In the 1920’s Flinders Street Station claimed to be the world’s busiest train station. To be able to boast such a marvelous claim, so early in its history, would have been an exciting development for Melbourne (the capital city of the state of Victoria). Some seventy years earlier in 1854, on the same site, a collection of wooden train sheds stood, as an ugly eyesore on the landscape. The decision to build a new public train station to replace the existing ad hoc wooden sheds was a foregone conclusion and planned by the Victorian government in 1882. But it would be another seventeen years before any serious attempts were made to develop the Flinders and Swanston Streets intersection. A competition in 1899 was held to design the station building and Fawcett and Ashworth, employees of Victoria Railways, won the prize of £500. The construction of the station building commenced in 1901 and was completed in 1910. The result was a grand redbrick and golden-stucco building that stretched magnificently across two city blocks. It boasted a huge dome, arched entrance, and a clock tower. The inside of the building contained a elegant ballroom, library, concert hall, meeting rooms and a nursery, where children could be cared for during the working day for two shillings.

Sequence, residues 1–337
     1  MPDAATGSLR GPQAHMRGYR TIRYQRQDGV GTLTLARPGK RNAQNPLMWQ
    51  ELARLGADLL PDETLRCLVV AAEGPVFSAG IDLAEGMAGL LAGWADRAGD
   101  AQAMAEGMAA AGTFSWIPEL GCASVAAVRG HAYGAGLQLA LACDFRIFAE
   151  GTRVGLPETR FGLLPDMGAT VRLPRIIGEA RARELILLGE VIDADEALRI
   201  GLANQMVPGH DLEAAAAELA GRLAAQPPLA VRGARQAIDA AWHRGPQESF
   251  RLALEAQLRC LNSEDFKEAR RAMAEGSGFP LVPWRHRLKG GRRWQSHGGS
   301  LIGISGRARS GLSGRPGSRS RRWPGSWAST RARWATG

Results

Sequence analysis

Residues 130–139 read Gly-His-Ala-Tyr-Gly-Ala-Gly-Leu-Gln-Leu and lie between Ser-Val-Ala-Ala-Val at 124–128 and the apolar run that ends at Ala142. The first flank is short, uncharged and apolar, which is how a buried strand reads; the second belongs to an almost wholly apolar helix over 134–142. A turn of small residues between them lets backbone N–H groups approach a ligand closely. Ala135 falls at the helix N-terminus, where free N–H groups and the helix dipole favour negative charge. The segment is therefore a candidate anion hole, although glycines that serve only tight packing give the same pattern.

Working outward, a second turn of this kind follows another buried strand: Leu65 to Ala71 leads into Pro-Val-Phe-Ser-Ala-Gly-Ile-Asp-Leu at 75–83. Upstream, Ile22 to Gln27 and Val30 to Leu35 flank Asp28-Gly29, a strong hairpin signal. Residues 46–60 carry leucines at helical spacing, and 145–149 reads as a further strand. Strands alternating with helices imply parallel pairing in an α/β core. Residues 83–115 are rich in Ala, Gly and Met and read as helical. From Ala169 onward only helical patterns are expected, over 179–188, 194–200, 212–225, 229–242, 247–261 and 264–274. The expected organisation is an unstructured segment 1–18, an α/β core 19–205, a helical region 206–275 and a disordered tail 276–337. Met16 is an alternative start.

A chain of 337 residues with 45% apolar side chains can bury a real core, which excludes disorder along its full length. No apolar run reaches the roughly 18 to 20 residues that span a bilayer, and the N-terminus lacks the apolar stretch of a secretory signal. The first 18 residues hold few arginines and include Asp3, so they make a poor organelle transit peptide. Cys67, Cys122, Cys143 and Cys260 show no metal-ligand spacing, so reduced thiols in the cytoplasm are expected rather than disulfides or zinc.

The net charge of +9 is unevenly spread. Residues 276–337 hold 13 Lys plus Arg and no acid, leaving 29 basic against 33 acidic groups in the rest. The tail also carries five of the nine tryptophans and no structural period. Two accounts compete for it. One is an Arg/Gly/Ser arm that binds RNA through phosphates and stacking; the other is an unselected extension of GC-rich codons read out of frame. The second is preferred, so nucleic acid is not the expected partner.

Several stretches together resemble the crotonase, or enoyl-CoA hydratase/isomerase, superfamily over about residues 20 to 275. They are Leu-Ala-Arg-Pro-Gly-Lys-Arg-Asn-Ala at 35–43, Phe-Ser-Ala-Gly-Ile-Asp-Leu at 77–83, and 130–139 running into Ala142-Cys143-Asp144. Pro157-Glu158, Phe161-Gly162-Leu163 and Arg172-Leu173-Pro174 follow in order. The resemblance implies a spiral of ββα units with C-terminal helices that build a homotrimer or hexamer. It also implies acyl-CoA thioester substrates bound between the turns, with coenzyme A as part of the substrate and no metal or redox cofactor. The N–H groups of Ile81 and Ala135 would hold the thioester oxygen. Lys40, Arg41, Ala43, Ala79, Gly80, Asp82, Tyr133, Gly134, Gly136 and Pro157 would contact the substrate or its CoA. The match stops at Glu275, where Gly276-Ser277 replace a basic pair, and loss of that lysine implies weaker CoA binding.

Today, this wonderful building still dominates this corner of Melbourne. It might not be the world’s busiest train station anymore, but its extensive rail network stretches out, like an octopuses tentacles, across the suburbs of Melbourne. For many decades, this iconic building had fallen into disrepair and simply became an embarrassment to the travelling public. It has had many facelifts in its history, but is well overdue for a significant renovation. Plans to rejuvenate and restore the station to its ‘glory’ days have been talked about for years and are hopefully not too far into the future. Most people still love the station, especially its iconic ornate facade and distinctive clocks under the main dome. Older generations of Melbournians love to talk about the days, where the clocks at the front steps of the station, were a meeting place to catch up with friends, on an outing into the heart of the city. “I’ll meet you under the clocks” has been Melbournians famous catch cry for generations.